Green flipping out over fixer-uppers

SAMANTHA STELTZER, Production Manager

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Watch out HGTV…there’s a new couple in town flipping houses. When Mrs. Wenke Green, math teacher, isn’t teach­ing, Green and her husband, Da­vid, ‘flip’ houses. “It isn’t a company, it’s just him and I buying a house, moving in and fixing it up while we live there with our three dogs.” Flipping a house is a type of real estate investment strategy in which an investor purchases properties with the goal of reselling them for a profit. Profit is generated either through the price appreciation that oc­curs as a result of a hot housing market and/or from renovations and capital improvements.

Green says that she “always had an interest in home improvement.” Her first brush with redoing a house started when she flipped a house with her friend, Pratik. “Then I met my husband, who was flipping one himself at the time. After Pratik and I sold our house, I bought the next one with my husband and we fixed it up together.” Real life doesn’t have time lapse like TV shows have where they can speed up the workers tearing down walls, put­ting up drywall, painting, etc. and compress it into a neat, seemingly small amount of time. For Green and her husband “[It takes] three to six months working during the summer and nine months during the school year.”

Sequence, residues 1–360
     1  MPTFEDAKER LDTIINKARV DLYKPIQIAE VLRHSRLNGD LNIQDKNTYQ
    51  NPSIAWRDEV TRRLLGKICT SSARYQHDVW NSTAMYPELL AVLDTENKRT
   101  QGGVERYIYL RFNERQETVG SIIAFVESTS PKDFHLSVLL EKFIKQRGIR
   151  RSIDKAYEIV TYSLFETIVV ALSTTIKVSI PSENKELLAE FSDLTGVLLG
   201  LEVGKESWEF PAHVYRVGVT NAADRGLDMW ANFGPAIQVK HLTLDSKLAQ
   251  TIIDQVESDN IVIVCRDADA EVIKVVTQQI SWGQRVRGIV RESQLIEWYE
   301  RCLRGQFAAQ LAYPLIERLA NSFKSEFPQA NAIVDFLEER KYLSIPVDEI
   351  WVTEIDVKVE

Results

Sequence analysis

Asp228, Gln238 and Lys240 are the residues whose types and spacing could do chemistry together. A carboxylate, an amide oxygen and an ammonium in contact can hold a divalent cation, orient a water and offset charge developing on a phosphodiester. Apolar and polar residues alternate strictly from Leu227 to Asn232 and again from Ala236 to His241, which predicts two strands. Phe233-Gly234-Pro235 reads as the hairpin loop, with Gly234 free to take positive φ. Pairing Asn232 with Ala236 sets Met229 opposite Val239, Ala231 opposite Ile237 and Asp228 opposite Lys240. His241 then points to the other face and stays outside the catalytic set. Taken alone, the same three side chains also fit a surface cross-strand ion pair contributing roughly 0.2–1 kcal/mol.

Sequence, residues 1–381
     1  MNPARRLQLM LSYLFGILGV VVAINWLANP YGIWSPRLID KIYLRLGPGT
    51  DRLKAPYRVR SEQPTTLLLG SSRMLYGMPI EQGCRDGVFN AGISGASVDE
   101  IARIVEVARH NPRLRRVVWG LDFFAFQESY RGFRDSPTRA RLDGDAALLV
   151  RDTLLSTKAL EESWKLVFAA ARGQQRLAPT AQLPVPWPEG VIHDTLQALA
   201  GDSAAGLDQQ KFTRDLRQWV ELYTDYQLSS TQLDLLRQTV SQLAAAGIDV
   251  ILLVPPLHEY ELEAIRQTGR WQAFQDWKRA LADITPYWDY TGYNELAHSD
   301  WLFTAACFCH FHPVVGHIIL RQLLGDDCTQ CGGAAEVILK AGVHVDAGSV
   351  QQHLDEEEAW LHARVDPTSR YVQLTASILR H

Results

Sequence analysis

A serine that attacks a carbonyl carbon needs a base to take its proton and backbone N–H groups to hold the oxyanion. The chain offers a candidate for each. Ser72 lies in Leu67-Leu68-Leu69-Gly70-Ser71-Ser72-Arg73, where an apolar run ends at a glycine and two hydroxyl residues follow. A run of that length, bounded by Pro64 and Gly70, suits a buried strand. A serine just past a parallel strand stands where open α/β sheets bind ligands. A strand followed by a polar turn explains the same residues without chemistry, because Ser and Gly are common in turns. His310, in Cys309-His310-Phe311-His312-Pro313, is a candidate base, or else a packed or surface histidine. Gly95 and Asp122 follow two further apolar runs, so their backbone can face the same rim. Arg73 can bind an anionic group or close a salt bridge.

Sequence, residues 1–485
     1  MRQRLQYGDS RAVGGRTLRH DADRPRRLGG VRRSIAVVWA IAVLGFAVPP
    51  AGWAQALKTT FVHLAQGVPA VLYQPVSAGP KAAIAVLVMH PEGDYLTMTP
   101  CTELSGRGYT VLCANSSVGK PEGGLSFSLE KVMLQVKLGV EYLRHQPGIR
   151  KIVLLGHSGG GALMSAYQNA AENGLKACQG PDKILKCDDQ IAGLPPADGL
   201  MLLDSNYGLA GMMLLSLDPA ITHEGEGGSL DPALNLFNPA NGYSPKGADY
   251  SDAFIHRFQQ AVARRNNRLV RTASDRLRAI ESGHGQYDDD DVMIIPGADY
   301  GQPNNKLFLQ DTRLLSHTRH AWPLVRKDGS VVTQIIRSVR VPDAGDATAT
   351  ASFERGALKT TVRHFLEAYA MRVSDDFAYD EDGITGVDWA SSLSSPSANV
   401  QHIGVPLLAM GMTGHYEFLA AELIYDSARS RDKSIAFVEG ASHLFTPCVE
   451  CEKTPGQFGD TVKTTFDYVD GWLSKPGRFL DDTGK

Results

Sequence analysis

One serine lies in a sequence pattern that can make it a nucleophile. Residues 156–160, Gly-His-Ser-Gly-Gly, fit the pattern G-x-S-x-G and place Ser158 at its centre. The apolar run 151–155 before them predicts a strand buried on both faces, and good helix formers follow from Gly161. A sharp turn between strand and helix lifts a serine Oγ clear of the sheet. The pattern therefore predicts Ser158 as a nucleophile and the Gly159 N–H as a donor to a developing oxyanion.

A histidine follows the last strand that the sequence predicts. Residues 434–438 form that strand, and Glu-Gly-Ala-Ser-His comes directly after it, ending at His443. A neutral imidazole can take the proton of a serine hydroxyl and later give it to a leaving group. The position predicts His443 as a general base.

When “overhauling a neglected house,” Green and her husband must redo the “electric, plumb­ing, drywall, painting, and put in a new kitchen and baths.”

Green states, “It is a lot at first, but you have to take it one step at a time and prioritize.”

The all – time favorite house that Green flipped was “a house in Perryville, Cecil County. It was a ranch with a nice fenced in backyard, had a four car garage, and a circle driveway. We redid the basement. It didn’t look like much on the outside but I was surprised I liked it as much as I did.”

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Green flipping out over fixer-uppers